Plastic waste is becoming a more pressing concern for today’s consumers than it has ever been in the past. Research tells us that an average of eight million metric tons of plastic waste enters the ocean each year and that this plastic waste can impact the health of the oceans, marine life and maybe even human health.
The growing body of research on marine plastic pollution, along with news about upheaval in recycling export markets, has led to increased awareness among the public of the challenges at the end of life for plastics. Legislators in some jurisdictions have responded by proposing or passing bans on single-use plastics (the European Union, Canada and California) or bans on single-use plastic bags (seven U.S. states and many local governments).
As customers hear about local recycling programs shutting down or bans on plastic in its various forms, their knowledge of the challenges of plastics pollution expands. According to a March 2019 survey by the Shelton Group, awareness of the issue of plastics in the ocean “is now on par with climate change.” On par with climate change. That is a stunning statement on the awareness of ocean plastic pollution!
Moreover, roughly a third of those the Shelton Group surveyed are taking various actions to reduce their use of plastic, such as bringing their own coffee mug to a coffee shop, bringing reusable bags to the grocery store or buying products packaged in something other than plastic.
More and more individuals are trying to do their part, but what about packaging companies, brands and retailers? Some are offering plastic alternatives. Ball Corp. recently announced a plan to supply sports arenas and other entertainment venues with aluminum cups that can replace plastic cups. The aluminum cup was introduced at a Colorado University football game, as part of “the university’s goal of becoming plastic-free in its sports venues by 2020.”
In August, Hasbro announced it would phase out plastic from its packaging beginning in 2020. Hasbro’s chairman and CEO Brian Goldner says removing plastic from packaging is part of the company’s “decade-long journey to create a more sustainable future for our business and our world.”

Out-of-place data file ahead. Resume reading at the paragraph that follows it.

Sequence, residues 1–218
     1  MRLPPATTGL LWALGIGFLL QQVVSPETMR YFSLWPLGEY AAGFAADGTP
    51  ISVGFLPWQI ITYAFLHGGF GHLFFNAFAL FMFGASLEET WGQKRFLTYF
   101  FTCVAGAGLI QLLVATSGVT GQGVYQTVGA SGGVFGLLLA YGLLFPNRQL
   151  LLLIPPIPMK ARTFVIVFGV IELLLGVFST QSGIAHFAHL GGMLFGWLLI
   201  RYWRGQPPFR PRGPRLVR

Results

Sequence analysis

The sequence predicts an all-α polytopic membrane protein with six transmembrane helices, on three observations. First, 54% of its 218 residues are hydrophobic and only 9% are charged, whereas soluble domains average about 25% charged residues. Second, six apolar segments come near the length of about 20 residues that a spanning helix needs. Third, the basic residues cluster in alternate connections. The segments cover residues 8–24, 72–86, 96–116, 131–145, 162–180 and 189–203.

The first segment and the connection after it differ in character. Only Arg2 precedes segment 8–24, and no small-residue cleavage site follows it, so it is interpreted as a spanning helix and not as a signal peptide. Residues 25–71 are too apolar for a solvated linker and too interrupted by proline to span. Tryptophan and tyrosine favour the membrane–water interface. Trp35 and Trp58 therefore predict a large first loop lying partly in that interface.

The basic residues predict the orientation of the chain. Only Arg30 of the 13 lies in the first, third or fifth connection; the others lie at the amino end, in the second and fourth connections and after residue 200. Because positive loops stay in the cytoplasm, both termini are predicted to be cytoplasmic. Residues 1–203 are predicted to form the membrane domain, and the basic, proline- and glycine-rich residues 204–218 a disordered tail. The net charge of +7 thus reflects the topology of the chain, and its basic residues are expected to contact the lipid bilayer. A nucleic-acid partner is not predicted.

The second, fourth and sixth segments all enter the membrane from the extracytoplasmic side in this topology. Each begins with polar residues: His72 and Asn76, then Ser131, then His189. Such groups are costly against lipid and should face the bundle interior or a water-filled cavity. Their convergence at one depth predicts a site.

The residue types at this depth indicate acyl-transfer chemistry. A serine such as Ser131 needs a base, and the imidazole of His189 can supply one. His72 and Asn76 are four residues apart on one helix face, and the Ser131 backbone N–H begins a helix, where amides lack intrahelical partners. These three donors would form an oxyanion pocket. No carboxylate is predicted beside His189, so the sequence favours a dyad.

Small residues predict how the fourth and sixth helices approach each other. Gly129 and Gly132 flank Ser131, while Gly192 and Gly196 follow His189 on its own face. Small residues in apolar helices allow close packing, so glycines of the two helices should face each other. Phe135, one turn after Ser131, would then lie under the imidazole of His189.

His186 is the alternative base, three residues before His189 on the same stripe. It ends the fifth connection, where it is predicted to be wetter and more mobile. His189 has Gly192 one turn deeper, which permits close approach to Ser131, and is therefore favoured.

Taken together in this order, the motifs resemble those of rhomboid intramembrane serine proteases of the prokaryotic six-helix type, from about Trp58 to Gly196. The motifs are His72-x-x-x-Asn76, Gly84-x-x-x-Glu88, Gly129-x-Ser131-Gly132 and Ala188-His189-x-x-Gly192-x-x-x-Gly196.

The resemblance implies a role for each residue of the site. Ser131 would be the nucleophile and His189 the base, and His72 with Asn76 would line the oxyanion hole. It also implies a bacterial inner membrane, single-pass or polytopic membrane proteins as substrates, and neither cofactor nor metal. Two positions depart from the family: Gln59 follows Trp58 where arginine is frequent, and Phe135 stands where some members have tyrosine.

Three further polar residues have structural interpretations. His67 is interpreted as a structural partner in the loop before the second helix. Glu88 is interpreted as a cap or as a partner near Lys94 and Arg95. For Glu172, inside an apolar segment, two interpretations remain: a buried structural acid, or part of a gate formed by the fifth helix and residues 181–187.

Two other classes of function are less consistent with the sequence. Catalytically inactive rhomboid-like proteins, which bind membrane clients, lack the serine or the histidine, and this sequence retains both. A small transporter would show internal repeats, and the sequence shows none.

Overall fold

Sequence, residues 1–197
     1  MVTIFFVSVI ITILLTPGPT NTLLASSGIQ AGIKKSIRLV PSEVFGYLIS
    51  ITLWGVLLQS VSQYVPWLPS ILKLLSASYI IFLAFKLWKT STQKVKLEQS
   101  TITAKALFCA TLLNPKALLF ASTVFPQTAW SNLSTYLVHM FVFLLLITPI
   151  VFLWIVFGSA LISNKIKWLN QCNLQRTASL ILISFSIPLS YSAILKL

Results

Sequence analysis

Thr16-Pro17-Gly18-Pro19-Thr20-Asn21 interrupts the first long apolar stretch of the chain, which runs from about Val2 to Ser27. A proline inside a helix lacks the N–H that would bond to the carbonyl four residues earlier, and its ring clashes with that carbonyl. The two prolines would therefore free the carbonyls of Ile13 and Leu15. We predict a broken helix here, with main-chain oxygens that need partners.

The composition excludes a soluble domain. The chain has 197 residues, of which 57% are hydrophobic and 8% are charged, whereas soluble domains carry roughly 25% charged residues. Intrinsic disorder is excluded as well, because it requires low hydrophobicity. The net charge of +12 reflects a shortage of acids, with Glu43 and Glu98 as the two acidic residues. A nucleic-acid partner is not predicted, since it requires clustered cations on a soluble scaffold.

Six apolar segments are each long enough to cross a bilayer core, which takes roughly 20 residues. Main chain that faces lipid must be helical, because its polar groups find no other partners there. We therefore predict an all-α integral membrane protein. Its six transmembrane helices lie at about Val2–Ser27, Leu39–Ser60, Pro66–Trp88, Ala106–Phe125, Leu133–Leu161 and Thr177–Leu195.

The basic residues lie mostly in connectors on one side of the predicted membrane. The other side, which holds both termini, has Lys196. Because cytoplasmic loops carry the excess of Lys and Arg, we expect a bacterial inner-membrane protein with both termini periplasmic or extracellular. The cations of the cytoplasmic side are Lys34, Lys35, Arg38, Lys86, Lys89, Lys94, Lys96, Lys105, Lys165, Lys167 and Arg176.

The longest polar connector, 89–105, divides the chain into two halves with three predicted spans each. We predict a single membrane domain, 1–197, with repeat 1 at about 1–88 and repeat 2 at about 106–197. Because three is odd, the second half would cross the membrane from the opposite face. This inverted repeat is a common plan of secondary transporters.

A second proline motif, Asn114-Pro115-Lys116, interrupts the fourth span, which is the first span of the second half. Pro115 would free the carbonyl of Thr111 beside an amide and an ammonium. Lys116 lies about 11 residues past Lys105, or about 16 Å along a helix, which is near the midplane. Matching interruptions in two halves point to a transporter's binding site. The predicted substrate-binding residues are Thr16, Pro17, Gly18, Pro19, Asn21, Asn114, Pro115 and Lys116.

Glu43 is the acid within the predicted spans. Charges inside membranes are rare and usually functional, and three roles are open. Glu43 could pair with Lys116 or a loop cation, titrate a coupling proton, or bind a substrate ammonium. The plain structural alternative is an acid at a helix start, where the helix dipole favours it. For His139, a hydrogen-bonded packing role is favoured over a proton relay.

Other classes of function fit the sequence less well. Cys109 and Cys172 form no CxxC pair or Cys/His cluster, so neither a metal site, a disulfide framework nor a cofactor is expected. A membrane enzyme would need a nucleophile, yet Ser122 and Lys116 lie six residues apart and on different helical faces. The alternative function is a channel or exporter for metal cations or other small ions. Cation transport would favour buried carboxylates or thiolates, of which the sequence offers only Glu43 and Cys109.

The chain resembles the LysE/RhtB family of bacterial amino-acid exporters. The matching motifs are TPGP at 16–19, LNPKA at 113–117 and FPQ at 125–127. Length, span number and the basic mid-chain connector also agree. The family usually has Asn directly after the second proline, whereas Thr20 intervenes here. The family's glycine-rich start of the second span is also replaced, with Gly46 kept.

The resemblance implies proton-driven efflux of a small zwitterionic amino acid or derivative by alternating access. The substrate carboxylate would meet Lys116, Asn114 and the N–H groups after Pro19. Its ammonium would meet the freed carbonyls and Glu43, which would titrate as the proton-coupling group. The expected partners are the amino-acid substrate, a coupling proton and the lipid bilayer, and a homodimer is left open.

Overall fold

Creating a more sustainable future is a goal every company in the 21stcentury ought to work towards. Settling for the status quo is no way to solve a problem as monumental as eight million metric tons of plastic waste entering the ocean each year.
But turning away from plastic whole hog isn’t necessarily the best way forward for everyone either.
Choosing a sustainable package is not just about paper versus plastic, or plastic versus aluminum. The grocery store check-out line question of plastic or paper is a relic of the past.
Instead, creating sustainable packaging involves considering questions of sourcing, efficiency, recovery, health and safety—all key pieces of the Sustainable Packaging Coalition’s definition of sustainable packaging. The SPC believes it is insufficient to call a package sustainable when it meets one of these criteria while failing the others.
For example, take a package that is sourced responsibly but that has negative impacts on human health, no outlet at the end of its life other than the landfill and uses more material than similar packages; this is not sustainable. It is sourced sustainably—which may be your goal, or it may be the most sustainable way to make that particular package.
Let’s consider a plastic bottle of salad dressing. Is the fact that it’s made of plastic mean it’s destined to pollute the ocean? In the U.S., we are fortunate to have options for recycling plastic, as domestic markets for common plastics like polyethylene terephthalate (PET) and high-density polyethylene (HDPE) give those plastics a strong recovery option. A plastic bottle may also use a smaller mass of materials than a glass jar, and it would therefore be more resource efficient. Some plastic bottles are made with recycled content, which uses less energy than making containers using all virgin resin.
A plastic bottle made of recycled content is an example of sustainable sourcing of plastic. Would it really be better to shift this particular package to aluminum or glass? Most likely not. In this case, plastic (and in particular recycled-content plastic) appears to be the most sustainable option available.
But the story is not the same for every package. Some packages are better off in aluminum or glass. Sustainable packaging decisions are complex. No one right answer exists to most packaging questions.
To complicate matters further, sustainability itself is constantly in flux: new packaging formats are developed, old ones are made more efficient, consumer tastes change and more information about how to combat climate change comes to light.
As sustainable packaging leaders, we have an obligation to help the public understand that there is more to sustainability than shifting away from plastics entirely. Finding packaging that is recyclable is not the silver bullet; finding packaging that is resource efficient is not the silver bullet; eliminating all plastics is not the silver bullet.
Sustainability is a complicated, moving target, and our job is to find the multiple layers—the right mix of bans and other legislation, packaging substitutions, redesigned formats and communication with the public—that leads to a more sustainable future.